When I was on maternity leave I decided to go chemical-free as much as possible. I tried a few natural methods of washing my face (the oil cleansing method and honey to name but a couple), used coconut oil as a moisturiser and Dr Bronner’s castile soap as a shower gel. I even washed my hair with bicarbonate of soda and apple cider vinegar until an upcoming wedding made me question whether my hair was really looking as good as it could (or even socially acceptable). I really wish I’d kept that last one up and seen it through as I would love to be in the position where my hair more or less looked after itself. Maybe I’ll try it again, although I guess I need to look presentable in the office now.
I’m still using the Dr Bronner’s and I’ll go back to the coconut oil when I’ve used up a few of the things I’m trying to get my rosacea under control.
My favourite thing that I tried though was the homemade deodorant recipe from the book Organized Simplicity by Tsh Oxenreider of the blog The Art of Simple (formerly Simple Mom). I love love love it! The only time I use traditional anti-perspirant is if I haven’t got time to let the homemade stuff dry.
Here’s what you need
- 1/4 cup bicarbonate of soda
- 1/4 cup cornflour
- 4 to 6 tbsp coconut oil
- Essential oil (optional)
- Empty deodorant container
Mix the bicarbonate of soda and cornflour together, then add the coconut oil one tablespoon at a time until all the dry ingredients have been mixed in. You’ll feel like it’s never going to happen, but keep mixing and eventually the oil will start to melt and it will blend.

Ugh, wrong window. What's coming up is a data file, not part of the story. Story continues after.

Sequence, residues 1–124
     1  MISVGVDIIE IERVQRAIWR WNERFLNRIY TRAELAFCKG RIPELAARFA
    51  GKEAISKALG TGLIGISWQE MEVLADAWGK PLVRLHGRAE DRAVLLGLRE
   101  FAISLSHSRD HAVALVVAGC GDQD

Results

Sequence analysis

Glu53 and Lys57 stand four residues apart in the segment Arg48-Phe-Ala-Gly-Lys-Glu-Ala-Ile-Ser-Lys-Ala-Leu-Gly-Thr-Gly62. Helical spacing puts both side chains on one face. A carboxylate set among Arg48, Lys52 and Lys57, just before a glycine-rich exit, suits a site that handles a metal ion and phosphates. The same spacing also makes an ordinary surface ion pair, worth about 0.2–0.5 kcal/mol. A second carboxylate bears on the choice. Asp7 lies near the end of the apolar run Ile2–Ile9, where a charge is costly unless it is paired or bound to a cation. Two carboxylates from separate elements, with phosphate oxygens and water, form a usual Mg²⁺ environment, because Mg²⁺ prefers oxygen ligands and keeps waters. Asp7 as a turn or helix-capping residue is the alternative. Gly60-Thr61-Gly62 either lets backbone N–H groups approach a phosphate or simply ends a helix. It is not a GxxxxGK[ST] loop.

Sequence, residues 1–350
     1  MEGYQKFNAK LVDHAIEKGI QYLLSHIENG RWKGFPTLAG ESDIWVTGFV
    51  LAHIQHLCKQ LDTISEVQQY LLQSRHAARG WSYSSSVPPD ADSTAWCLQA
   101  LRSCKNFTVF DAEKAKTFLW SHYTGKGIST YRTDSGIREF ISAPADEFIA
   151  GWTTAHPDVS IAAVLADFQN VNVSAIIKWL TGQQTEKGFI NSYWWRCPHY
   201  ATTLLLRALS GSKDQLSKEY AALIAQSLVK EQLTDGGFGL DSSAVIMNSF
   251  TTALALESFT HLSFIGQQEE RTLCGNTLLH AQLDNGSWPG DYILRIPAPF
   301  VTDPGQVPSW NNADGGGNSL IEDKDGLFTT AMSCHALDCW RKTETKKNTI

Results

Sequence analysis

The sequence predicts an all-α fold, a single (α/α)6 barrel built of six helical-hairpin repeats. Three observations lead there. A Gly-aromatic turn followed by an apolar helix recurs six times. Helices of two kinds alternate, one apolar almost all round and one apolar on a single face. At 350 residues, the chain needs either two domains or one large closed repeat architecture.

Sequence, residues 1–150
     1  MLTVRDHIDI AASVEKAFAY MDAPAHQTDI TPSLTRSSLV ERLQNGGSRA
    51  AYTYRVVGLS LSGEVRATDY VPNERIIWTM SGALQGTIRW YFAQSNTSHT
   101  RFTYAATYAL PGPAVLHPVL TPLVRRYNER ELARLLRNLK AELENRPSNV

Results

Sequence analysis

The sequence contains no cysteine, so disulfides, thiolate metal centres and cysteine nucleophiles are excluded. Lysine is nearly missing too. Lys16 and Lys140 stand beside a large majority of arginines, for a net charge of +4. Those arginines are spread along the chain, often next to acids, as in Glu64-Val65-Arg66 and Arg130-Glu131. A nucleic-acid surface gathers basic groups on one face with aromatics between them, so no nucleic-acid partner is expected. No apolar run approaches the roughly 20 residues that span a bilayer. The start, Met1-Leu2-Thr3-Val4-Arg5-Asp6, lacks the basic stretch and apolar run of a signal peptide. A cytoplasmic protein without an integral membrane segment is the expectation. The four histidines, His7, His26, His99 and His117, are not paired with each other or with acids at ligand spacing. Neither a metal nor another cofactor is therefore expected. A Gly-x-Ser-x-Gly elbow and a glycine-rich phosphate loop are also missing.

Add a few drops of essential oil if you’d like a fragrance (I’ve used rose absolute in my most recent batch).
Take a clean, empty stick deodorant container and spoon the mixture in, twisting down the inside as you go. I’ve found that the recipe above makes enough to fill one old deodorant container and a 150ml lidded yoghurt pot saved from our veg box days. I keep the leftovers in a cupboard and top up the container as required.
Coconut oil will melt at 24 °C so it may need to be kept in the fridge at times – but that makes it lovely and cooling. I really do find that it works, although it can be rather sticky when you first apply it. I don’t notice any odour and very little perspiration.
I’m definitely a fan of this natural approach, not just because of the potential implication of antiperspirants in the causes of breast cancer, but also because I know exactly what is in it and there’s no irritation. It’s non-toxic and quick and cheap to make. It’s also fun to make because of the way the dry ingredients blend with the melting oil.
I’ve started to find the smell of shop-bought antiperspirant deodorants quite overpowering, but using my own homemade deodorant is like a sweet little secret.